A woman allegedly raped by a high profile man wants the defendant named, as lawyers for the man fight to keep a court-imposed order preventing their client from being named in place.
The sudden turn follows media outlets, including NCA NewsWire, seeking the removal of a non-publication order, which would allow the man’s identity to be published following a major overhaul of Queensland laws.
Police charged the man with two counts of rape in January.
It is alleged they stem from an incident in Toowoomba in October 2021.
Earlier this month, Queensland parliament changed a key piece of legislation that prevented the identification of those charged with rape or sexual assault offences prior to their committal.
But the man’s lawyers successfully applied to the Supreme Court for a non-publication order preventing their client from being named days before the change kicked in.
His legal team and lawyers acting for the media outlets faced Toowoomba Magistrates Court on Friday, where the man’s legal team argued the order should stay in place.
Barrister Andrew Hoare, acting for the high-profile man, said there was a “real existing risk of harm” to his client if his identity were to be published.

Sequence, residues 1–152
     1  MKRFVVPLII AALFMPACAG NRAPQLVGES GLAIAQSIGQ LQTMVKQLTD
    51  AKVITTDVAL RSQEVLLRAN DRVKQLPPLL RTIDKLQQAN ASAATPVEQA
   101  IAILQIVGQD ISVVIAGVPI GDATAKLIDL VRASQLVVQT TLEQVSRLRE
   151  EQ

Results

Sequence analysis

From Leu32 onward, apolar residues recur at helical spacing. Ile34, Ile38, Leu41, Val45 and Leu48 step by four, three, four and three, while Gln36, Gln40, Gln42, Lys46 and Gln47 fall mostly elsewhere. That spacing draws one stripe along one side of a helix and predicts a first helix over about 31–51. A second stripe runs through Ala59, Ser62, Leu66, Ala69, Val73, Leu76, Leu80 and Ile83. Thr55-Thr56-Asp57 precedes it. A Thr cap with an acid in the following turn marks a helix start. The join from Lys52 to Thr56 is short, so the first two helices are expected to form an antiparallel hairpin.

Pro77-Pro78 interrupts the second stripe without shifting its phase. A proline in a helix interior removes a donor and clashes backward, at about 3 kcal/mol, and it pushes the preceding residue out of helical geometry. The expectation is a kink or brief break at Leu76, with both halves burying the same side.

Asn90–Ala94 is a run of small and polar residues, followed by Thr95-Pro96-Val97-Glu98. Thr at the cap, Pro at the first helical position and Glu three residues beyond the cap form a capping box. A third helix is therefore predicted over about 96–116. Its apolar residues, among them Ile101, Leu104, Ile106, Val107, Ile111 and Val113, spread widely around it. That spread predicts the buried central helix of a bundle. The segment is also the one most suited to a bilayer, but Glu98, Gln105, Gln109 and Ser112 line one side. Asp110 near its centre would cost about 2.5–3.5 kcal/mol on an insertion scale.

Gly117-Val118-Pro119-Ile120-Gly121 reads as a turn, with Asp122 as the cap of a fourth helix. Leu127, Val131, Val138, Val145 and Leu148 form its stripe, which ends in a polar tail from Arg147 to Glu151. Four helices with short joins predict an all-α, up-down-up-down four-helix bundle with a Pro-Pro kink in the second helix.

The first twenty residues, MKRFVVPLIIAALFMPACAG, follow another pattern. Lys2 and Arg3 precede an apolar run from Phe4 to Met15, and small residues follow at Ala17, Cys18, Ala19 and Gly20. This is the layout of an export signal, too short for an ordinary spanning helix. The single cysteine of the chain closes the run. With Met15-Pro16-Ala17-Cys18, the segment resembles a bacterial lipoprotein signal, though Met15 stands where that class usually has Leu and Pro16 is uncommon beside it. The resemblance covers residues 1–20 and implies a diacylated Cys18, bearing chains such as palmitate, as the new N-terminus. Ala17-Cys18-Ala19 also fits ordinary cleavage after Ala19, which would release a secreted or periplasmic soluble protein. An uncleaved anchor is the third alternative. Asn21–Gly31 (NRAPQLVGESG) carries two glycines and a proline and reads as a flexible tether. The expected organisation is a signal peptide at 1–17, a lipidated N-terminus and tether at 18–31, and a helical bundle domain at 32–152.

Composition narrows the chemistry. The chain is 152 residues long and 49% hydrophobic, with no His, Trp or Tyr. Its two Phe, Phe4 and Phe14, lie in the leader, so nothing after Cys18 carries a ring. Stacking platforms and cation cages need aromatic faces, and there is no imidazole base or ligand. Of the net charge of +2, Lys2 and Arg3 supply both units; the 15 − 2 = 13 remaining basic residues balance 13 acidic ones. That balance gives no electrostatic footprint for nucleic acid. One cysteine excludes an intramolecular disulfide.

He said the man suffered from “severe” suicidal ideation that had manifested over years.
Mr Hoare said his client could be in grave danger of attempting self-harm, which he submitted necessitated the order continuing.
But Robert Anderson KC, representing the media outlets, said the high profile man had not given evidence before the court, instead relying on his solicitors and his psychologist.
He noted the man was prepared to go public with certain statements but was “unprepared” to face the court and give evidence himself.
Mr Anderson said the defendant had “no automatic right to protection” under the recent amendments to the legislation.
“The complainant’s voice is important to be heard,” he said.
“She wants the defendant to be named. It is not neutral, it is an active voice.”
Mr Anderson referred to several public statements given by the high-profile man.
“There is an incredulity between the applicant’s public presentation and what is said by … (his) doctor,” he said.
“It was irreconcilable.
“The applicant has not said anything to Your Honour directly. He has chosen to stay silent.”
Mr Anderson submitted the defendant was ready to speak his own truth but was still asking this court to prevent the public from knowing who he is and prevent open justice.
He also said the man was attempting to deny the complainant’s voice.
“He has voluntarily placed himself in a very public forum, in a way that will inevitably expose and require him to explain … all of his circumstances,” Mr Anderson said.
“His lawyers have told him to stay quiet, he has refused that advice.
“He wants to be heard – everywhere except here.”
The hearing continues.